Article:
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About this Piece


c. 13:00

3 flutes (3rd = piccolo), 3 oboes (3rd = English horn), 3 clarinets (3rd = bass clarinet), 2 bassoons, 4 horns, 3 trumpets, 3 trombones, tuba, timpani, percussion (bass drum, cymbals, snare drum, tam-tam, tamburo, triangle, xylophone), harp, celesta, and strings.

First Los Angeles Philharmonic performances: May, 2001.

The world will celebrate Joaquín Rodrigo’s 100th birthday this November, and Rodrigo (1901-1999) very nearly lived long enough to join in the festivities. Few composers have occupied such a favored position for so many years: he became a national institution in Spain shortly after the triumphant premiere of his Concierto de Aranjuezin 1940, and remained one until his death in July 1999. That same work established his fame outside Spain as well, and as the ranks of virtuoso guitarists grew in the later 20th century, his works for that instrument gave him a prominent, if misleadingly one-sided, profile in the musical world. His direct style, gift for melody, and tradition-based approach to harmony appealed not only to Spain’s conservative aesthetic in the Franco era but also to audiences elsewhere that often felt adrift in the 20th century. In an age when “avant garde” was commonplace, he was sometimes derided as old-fashioned, but as art music is mellowing at the turn of the 21st century, he begins to look more like a composer ahead of his time. In any event, he could salve the critical jibes with the palliative of commercial success: the Concierto de Aranjuezis said to have generated more royalties than any Spanish work in history. It caused him to be seen outside Spain as a purveyor of Spanish folklore, but as the works on this program show, there was far more to Rodrigo’s art than local color.

He composed his Cinco piezas infantiles for a national competition when he was 22. It won second prize, but went a long way toward establishing Rodrigo in the public eye in Spain, and in 1929 it was performed in Paris to rave reviews. It has a good deal of the Impressionist-influenced international sound that we associate with early 20th-century Paris and hear in Stravinsky’s early works: it is not hard to hear a bit of Petrushka in the first of the Piezas or The Firebird in the last one. Rodrigo did not actually go to Paris to study with Paul Dukas until 1927, a few years after the Cinco piezas infantiles.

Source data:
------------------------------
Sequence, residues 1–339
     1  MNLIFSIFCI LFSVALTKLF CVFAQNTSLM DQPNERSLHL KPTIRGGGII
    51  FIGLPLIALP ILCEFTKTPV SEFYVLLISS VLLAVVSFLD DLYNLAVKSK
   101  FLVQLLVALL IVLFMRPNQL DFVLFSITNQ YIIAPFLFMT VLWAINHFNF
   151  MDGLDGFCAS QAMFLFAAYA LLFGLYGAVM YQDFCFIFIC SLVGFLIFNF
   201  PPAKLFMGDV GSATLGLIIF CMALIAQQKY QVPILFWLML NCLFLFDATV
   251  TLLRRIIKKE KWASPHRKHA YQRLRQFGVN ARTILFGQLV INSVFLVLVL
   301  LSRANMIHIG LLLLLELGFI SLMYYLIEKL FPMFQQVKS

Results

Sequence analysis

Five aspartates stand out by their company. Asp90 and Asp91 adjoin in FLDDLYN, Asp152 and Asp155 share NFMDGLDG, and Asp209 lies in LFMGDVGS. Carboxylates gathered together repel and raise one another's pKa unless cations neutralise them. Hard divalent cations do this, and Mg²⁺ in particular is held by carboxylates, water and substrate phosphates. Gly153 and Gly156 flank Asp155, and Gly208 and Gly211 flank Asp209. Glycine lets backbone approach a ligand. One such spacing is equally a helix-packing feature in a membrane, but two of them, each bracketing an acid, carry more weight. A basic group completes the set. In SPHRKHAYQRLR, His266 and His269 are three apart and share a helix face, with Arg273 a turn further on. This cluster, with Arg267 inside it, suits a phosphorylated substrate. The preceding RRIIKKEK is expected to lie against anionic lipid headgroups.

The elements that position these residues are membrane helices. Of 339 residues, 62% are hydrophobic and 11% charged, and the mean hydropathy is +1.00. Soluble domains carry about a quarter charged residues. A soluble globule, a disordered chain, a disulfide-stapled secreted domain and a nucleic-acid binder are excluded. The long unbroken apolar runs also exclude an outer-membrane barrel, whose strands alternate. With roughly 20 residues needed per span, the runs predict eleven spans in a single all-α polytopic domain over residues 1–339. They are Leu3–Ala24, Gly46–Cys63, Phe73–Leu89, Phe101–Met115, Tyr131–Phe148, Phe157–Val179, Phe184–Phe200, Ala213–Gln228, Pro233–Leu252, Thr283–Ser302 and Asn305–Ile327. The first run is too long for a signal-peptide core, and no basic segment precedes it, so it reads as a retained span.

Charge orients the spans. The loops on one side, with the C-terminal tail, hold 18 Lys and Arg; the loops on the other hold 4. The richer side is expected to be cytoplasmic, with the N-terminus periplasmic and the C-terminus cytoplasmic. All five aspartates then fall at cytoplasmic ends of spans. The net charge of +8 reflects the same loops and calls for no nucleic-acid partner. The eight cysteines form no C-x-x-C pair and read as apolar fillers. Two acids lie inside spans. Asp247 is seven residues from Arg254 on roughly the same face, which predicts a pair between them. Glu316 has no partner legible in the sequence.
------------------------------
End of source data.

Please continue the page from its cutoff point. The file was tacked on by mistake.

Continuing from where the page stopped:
The Piezas infantiles are more about children than for them. The opening Son chicos que pasán (“Children passing by”) is a little march, complete with snare drum, given a particularly sassy feel by the tangy dissonance (an F-natural against F-sharp) in its opening melody. Después de un cuento (“After a story”), evokes bedtime with the soft sounds of harp and celesta, washed in the delicate sound of divided strings. In the fourth movement, Plegaria (“Prayer”), archaic-sounding fifths in the horns evoke a liturgical feel while high harmonic tones in the violins evoke the celestial. The Gritería Finale (“Concluding clamor”), the only movement in which the strings play entirely in the usual five parts, and the only one that uses the entire orchestra, is louder and bolder than the other movements.

-- Lawyer and lutenist Howard Posner has also annotated programs for the Los Angeles Baroque Orchestra and the Coleman Chamber Concerts.